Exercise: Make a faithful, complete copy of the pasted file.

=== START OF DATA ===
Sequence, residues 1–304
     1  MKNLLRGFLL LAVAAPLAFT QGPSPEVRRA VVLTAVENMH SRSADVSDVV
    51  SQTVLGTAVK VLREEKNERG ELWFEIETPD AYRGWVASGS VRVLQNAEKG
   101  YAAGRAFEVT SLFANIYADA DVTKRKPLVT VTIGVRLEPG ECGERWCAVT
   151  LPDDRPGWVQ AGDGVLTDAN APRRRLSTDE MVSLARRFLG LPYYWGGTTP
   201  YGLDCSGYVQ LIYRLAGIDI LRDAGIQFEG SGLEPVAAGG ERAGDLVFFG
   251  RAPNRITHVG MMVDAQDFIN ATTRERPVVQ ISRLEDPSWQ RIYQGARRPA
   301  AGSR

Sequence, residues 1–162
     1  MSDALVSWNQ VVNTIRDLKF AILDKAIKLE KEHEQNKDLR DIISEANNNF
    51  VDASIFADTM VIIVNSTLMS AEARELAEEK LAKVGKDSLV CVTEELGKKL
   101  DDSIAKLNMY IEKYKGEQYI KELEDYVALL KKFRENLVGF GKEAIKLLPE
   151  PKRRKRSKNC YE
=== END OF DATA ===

Sequence, residues 1–304
     1  MKNLLRGFLL LAVAAPLAFT QGPSPEVRRA VVLTAVENMH SRSADVSDVV
    51  SQTVLGTAVK VLREEKNERG ELWFEIETPD AYRGWVASGS VRVLQNAEKG
   101  YAAGRAFEVT SLFANIYADA DVTKRKPLVT VTIGVRLEPG ECGERWCAVT
   151  LPDDRPGWVQ AGDGVLTDAN APRRRLSTDE MVSLARRFLG LPYYWGGTTP
   201  YGLDCSGYVQ LIYRLAGIDI LRDAGIQFEG SGLEPVAAGG ERAGDLVFFG
   251  RAPNRITHVG MMVDAQDFIN ATTRERPVVQ ISRLEDPSWQ RIYQGARRPA
   301  AGSR

Sequence, residues 1–162
     1  MSDALVSWNQ VVNTIRDLKF AILDKAIKLE KEHEQNKDLR DIISEANNNF
    51  VDASIFADTM VIIVNSTLMS AEARELAEEK LAKVGKDSLV CVTEELGKKL
   101  DDSIAKLNMY IEKYKGEQYI KELEDYVALL KKFRENLVGF GKEAIKLLPE
   151  PKRRKRSKNC YE